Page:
from the District Court of Grand Forks County, Northeast
Central Judicial District, the Honorable Jon J. Jensen,
W. Gereszek, Grand Forks, ND, for plaintiff and appellee.
V. Jensen (on brief) and Tyler J. Morrow (argued), Grand
Forks, ND, for defendant and appellant.
1] Kevin Reilly appeals a criminal judgment entered after
conditionally pleading guilty to having actual physical
control of a vehicle while under the influence of alcohol.
Reilly reserved the right to appeal the district court's
denial of his motion to suppress evidence and dismiss his
case. Reilly argues the district court erred in denying his
motion by ruling the stop was a casual encounter and did not
violate his Fourth Amendment rights. We affirm.
2] In March 2016 Grand Forks Police Corporal Robert Buelow
and Officer Daniel Essig received a call from dispatch of a
possible drunk driver, describing the color of the vehicle,
the license plate number and the area the vehicle was last
seen. The officers located the vehicle, parked with its
headlights on, at the apartment building of the vehicle's
registered owner. The officers parked about 20-30 feet away
from the vehicle and did not activate the overhead lights.
Buelow testified he observed Reilly stumble and regain his
balance while getting out of the vehicle. Buelow attempted to
get his attention by saying, "Excuse me, sir, " but
Reilly kept walking towards the apartment door. Buelow ran
ahead of Reilly to meet him on the sidewalk. Buelow did not
know whether Reilly was intentionally ignoring him.
3] When Buelow was in front of Reilly, Buelow asked if he was
okay, but Reilly did not verbally answer. According to
Buelow, he "explained to [Reilly] that he got called in
as a possible drunk driver. [Reilly] shook his head and kind
of shrugged his shoulders." Reilly was observed swaying
and smelled of alcohol. Buelow asked him for his driver's
license. Reilly took out his driver's license but,
instead of handing it to Buelow, he began arguing about the
stop. According to Buelow, Reilly's speech was slurred
and he was not making complete sentences. Buelow took the
license and after identifying Reilly brought him to the squad
car for field sobriety tests. Reilly was charged with having
actual physical control of a vehicle while under the
influence of alcohol.
4] Reilly filed a motion to suppress evidence and dismiss his
case, arguing he was unlawfully seized in violation of the
Fourth Amendment. The City argued the officers were
performing a community caretaker function when approaching
Reilly. After a hearing, the district court entered an order
denying Reilly's motion to suppress evidence and dismiss.
The district court determined the officers were not acting in
the community caretaker role but Reilly's Fourth
Amendment rights were not violated. The district court ruled
the officers did not threaten Reilly with a show of authority
and reasonable suspicion existed. Reilly conditionally pled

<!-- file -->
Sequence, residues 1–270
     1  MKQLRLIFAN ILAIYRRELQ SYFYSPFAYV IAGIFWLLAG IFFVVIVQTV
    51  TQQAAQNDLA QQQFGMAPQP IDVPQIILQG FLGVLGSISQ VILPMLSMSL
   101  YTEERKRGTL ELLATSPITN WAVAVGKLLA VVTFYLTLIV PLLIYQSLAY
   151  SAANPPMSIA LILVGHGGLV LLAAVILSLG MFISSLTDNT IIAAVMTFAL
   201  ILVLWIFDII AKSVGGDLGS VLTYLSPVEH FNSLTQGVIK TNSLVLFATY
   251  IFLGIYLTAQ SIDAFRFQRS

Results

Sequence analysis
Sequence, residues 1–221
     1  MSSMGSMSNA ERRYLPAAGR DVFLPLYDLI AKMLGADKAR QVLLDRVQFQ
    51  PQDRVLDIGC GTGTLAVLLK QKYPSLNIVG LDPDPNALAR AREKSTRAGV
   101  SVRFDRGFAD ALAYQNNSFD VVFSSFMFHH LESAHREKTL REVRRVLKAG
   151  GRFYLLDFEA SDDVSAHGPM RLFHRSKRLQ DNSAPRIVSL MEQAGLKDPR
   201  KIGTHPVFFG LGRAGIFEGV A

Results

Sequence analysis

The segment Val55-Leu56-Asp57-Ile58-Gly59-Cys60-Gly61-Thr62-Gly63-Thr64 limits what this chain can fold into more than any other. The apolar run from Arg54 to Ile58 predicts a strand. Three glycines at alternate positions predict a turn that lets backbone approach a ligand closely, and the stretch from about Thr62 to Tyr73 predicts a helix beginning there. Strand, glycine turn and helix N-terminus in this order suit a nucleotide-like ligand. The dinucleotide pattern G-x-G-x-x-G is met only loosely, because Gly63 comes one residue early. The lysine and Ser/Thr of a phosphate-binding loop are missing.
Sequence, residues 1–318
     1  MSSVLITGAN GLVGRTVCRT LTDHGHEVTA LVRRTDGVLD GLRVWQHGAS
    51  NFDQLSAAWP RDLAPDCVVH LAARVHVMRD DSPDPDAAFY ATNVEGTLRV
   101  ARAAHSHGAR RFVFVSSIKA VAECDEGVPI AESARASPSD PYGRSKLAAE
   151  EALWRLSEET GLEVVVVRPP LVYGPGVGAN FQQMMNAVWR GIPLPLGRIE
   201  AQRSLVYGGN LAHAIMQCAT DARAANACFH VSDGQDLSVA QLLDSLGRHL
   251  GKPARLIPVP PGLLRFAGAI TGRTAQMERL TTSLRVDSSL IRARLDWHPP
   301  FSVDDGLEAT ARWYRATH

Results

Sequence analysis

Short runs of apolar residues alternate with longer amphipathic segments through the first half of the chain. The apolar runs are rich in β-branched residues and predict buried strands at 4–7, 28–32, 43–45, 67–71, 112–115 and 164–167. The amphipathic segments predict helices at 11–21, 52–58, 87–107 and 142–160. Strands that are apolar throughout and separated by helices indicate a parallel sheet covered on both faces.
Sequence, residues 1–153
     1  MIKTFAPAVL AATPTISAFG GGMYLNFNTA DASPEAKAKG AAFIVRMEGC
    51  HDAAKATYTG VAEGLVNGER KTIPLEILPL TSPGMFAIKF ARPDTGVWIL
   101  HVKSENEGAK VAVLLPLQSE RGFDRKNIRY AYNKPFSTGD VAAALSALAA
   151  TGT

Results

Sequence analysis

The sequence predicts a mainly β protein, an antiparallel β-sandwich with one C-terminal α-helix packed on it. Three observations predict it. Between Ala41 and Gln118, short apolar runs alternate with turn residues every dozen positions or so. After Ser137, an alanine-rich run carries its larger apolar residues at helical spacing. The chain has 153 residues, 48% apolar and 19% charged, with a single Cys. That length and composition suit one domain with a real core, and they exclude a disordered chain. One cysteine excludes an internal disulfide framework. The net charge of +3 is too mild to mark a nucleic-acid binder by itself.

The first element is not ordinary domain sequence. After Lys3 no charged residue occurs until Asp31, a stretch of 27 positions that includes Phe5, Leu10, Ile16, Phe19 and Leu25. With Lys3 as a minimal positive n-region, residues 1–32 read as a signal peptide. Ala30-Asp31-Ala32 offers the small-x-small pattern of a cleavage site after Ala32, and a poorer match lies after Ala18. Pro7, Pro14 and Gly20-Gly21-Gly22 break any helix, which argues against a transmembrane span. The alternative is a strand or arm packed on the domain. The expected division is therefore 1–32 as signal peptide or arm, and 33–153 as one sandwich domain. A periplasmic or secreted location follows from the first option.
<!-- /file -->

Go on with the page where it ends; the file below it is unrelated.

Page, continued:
guilty, reserving his right to appeal the district
court's order denying his motion to suppress evidence and
dismiss. Reilly appeals.
5] Reilly argues the district court erred in denying his
motion to suppress evidence and dismiss his case. This Court
applies a deferential standard when reviewing a district
court's decision on a motion to suppress:
"[W]e give deference to the district court's
findings of fact and we resolve conflicts in testimony in
favor of affirmance. State v. Tognotti, 2003 ND 99,
¶ 5, 663 N.W.2d 642. We 'will not reverse a district
court decision on a motion to suppress... if there is
sufficient competent evidence capable of supporting the
court's findings, and if the decision is not contrary to
the manifest weight of the evidence.' State v.
Gefroh, 2011 ND 153, ¶ 7, 801 N.W.2d 429. Questions
of law are fully reviewable on appeal, and whether a finding
of fact meets a legal standard is a question of law.
Id. " State v. Kaul, 2017 ND 56,
¶ 5, 891 N.W.2d 352 (quoting State v. Reis,
2014 ND 30, ¶ 8, 842 N.W.2d 845).
6] Reilly argues the district court erred in determining the
stop was a casual encounter that did not violate his Fourth
Amendment rights. The Fourth Amendment prohibits unreasonable
searches and seizures. Abernathey v. Department of
Transp., 2009 ND 122, ¶ 8, 768 N.W.2d 485. "A
temporary restraint of a person's freedom, or a
'Terry stop, ' is a seizure within the meaning of the
Fourth Amendment." City of Jamestown v. Jerome,
2002 ND 34, ¶ 5, 639 N.W.2d 478 (citing Terry v.
Ohio, 392 U.S. 1, 16, 88 S.Ct. 1868, 20 L.Ed.2d 889
(1968)). A "Terry Stop" must be supported by
reasonable and articulable suspicion of criminal activity.
Richter v. North Dakota Dept. of Transp., 2010 ND
150, ¶ 9, 786 N.W.2d 716. "[A] person has been
seized within the meaning of the Fourth Amendment only if, in
view of all of the circumstances surrounding the incident, a
reasonable person would have believed that he was not free to
leave." Id. at ¶ 10 (citations and
quotation marks omitted).
7] "[N]ot all personal intercourse or communications
between law enforcement officers and citizens involve
seizures implicating Fourth Amendment rights." City
of Jamestown v. Jerome, 2002 ND 34, ¶ 5, 639 N.W.2d
478. "For example, a community caretaking encounter does
not constitute a seizure within the meaning of the Fourth
Amendment." Id. In State v. Langseth,
492 N.W.2d 298, 300 (N.D. 1992), this Court held an
officer's approach of a parked vehicle is not a seizure
if the officer "inquires of the occupant in a
conversational manner, does not order the person to do
something, and does not demand a response." Further,
this Court has held it is not a seizure for an officer to
walk up to and talk to a person in a public place. State
v. Steinmetz, 552 N.W.2d 358, 360 (N.D. 1996). "A
seizure occurs within the context of the ...